The crash, which resulted in more than a dozen people being taken to the hospital as well as the tragic death of a teenage boy, will result in no significant criminal consequences. The parents of the boy wanted to see the bus driver prosecuted for second-degree voluntary manslaughter for the death of their son, but the bus driver pleaded guilty to failing to maintain a lane as a part of a negotiated plea deal.

This tragedy provides a key example of how a civil lawsuit can often provide justice that the criminal courts cannot. The legal burden of proof is lower in a civil lawsuit, and the facts that must be established to impose civil liability are normally different in a Jonesboro personal injury lawsuit than a criminal case. Although the driver was permitted to drive the school bus by the district, there was a fair amount of evidence that should have put the school board on notice that this school bus driver posed an unsafe risk of causing a bus accident to both the children on the bus and those in other vehicles. Unfortunately, this evidence is more suited for a civil personal injury lawsuit, than proving the criminal culpability of the school bus driver.

A Jonesboro personal injury attorney may have a wealth of evidence at the lawyer’s disposal to prove liability on behalf of the driver and school district in a Georgia personal injury case. The bus driver was in training and lacked the state certification required to transport children on a school bus. The Superintendent blamed this on a “misinterpretation” of the rules promulgated by the Georgia Department of Driver Services.

The investigation into the accident also revealed other red flags that were apparently ignored or overlooked by the school district. The bus driver’s personnel file revealed that he had been involved in two prior bus accidents including one earlier that same day when he had collided with a dog while children were riding on the bus. The bus driver was also involved in a prior accident where he rammed the back of another school bus.

The bus driver’s trainer, who was onboard when the bus overturned, indicated in the trainer’s notes that the driver “veers out of his lane, crossing either white or the yellow lines a lot.” The trainer’s notes also indicated that the bus driver “stops abruptly” and “needs to be conscious of speed!” These observations are ironic because the fatal bus accident was caused by the driver veering off the roadway.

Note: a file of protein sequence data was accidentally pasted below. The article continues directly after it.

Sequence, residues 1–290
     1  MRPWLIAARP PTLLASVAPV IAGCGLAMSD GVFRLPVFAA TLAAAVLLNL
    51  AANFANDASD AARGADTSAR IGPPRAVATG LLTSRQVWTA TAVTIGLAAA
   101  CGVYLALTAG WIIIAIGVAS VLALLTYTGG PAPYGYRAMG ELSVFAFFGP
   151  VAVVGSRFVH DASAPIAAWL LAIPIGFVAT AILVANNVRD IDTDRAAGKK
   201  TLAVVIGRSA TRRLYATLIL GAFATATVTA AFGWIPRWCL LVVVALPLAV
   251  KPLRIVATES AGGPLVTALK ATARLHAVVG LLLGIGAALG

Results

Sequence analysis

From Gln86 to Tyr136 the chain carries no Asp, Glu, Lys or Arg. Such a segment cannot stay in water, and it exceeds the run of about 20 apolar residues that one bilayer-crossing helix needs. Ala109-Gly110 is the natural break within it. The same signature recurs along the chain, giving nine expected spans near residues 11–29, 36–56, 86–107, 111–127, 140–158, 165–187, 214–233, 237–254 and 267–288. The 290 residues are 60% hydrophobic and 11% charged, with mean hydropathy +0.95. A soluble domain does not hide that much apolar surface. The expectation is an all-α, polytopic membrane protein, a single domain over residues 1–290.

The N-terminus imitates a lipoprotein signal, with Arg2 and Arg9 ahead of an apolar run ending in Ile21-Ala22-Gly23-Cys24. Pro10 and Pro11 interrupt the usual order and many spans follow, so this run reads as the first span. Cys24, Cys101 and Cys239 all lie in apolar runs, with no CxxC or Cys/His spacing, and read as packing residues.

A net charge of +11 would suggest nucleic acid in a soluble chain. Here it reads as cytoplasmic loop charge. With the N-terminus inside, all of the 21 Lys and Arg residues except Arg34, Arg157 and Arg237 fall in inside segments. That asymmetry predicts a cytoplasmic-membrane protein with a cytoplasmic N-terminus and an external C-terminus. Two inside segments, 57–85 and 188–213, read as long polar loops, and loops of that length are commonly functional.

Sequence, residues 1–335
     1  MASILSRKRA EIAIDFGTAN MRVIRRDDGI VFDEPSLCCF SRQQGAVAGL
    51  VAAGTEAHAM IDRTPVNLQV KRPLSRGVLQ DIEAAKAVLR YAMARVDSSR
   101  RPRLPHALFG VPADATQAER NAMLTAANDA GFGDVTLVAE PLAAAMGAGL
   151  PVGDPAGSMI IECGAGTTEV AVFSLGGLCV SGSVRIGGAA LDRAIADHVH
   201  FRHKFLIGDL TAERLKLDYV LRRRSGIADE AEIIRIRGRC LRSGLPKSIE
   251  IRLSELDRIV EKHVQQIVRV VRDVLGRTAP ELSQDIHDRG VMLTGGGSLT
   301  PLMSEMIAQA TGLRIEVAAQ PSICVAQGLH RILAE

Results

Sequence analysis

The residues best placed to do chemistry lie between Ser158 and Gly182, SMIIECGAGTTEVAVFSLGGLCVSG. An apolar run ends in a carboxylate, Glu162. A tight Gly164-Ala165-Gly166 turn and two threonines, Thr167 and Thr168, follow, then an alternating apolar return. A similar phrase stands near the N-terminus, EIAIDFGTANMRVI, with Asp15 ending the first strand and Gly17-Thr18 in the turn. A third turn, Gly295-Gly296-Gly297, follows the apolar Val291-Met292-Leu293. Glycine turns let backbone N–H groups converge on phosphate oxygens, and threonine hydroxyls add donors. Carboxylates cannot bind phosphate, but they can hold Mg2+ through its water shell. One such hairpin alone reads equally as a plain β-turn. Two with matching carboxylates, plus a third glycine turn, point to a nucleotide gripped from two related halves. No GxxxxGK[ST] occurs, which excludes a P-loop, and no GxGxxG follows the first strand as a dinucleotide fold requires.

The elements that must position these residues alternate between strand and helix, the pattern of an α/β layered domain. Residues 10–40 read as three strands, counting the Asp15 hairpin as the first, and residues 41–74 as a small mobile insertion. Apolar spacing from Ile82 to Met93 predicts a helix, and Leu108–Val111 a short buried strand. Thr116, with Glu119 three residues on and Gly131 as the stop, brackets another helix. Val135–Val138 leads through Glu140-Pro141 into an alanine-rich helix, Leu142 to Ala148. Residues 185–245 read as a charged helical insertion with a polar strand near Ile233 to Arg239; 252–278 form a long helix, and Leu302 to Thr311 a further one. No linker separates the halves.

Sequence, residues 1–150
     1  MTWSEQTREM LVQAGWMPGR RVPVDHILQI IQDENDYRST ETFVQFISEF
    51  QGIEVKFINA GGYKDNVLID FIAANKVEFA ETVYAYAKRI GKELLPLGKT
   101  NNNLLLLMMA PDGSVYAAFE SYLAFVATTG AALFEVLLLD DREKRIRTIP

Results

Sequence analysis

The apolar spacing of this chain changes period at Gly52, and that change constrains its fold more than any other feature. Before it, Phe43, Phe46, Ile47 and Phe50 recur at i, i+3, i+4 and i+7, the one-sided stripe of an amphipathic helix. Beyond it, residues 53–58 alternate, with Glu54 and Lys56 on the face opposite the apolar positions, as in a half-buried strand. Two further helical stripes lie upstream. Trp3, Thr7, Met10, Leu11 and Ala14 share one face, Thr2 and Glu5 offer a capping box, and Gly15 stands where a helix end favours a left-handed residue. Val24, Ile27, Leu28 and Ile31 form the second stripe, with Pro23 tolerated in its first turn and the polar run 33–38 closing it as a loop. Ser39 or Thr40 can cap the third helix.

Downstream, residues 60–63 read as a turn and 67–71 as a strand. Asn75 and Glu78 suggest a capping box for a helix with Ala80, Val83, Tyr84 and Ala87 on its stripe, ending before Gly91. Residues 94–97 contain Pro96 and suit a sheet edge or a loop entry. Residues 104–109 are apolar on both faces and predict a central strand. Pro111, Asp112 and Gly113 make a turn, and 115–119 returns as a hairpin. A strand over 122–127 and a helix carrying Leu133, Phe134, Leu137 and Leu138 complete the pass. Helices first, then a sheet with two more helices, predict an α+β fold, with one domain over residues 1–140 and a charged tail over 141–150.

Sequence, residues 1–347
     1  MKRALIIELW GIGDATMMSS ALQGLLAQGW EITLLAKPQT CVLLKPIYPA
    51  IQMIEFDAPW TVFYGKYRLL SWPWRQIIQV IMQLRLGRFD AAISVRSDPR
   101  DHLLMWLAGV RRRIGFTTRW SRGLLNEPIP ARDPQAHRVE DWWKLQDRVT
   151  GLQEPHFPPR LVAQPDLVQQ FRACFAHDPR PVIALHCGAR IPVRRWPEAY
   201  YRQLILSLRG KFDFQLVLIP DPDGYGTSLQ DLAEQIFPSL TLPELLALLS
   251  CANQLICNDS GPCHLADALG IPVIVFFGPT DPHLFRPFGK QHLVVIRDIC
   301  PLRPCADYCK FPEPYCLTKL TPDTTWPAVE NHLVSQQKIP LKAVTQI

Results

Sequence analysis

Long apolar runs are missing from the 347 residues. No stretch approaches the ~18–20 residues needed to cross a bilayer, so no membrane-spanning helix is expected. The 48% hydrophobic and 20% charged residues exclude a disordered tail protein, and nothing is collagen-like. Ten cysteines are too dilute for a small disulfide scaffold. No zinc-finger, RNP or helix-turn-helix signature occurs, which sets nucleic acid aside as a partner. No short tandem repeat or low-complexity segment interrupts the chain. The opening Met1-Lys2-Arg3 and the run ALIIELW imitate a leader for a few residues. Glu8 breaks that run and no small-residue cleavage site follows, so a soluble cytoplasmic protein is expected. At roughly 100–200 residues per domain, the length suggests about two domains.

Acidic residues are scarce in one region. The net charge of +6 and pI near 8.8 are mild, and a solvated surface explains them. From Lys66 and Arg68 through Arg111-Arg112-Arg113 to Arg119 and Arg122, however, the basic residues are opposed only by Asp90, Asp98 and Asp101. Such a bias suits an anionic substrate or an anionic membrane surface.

The family in this case may decide to file a civil lawsuit against both the bus driver and the school district for ignoring the warning signs that seemed to indicate that this driver posed an unreasonable risk of harm of causing a Georgia bus accident.

An experienced bus accident attorney will not only look at this evidence of negligence by the district and the driver but will look closely at the personnel file for the driver, the background investigation that was conducted during the bus driver’s hiring, and the bus driver’s training and supervision, in addition to other potential evidence.

Tragically, it appears there were opportunities to have anticipated and prevented this fatal Georgia bus accident.

While a civil judgment for financial compensation will not bring back this family’s child, it may help them achieve some degree of justice that they feel the criminal court failed to deliver. Many times a Georgia wrongful death lawsuit can provide some finality, fairness, and justice. If you have lost someone you love in a Georgia bus accident, the experienced Georgia bus accident lawyers at Montlick and Associates have been representing families facing such tragedies for over 39 years.

Our bus accident lawyers are available to assist clients throughout all of  Jonesboro, Georgia, and the Southeast. No matter where you are located our attorneys are just a phone call away, and we will even come to you.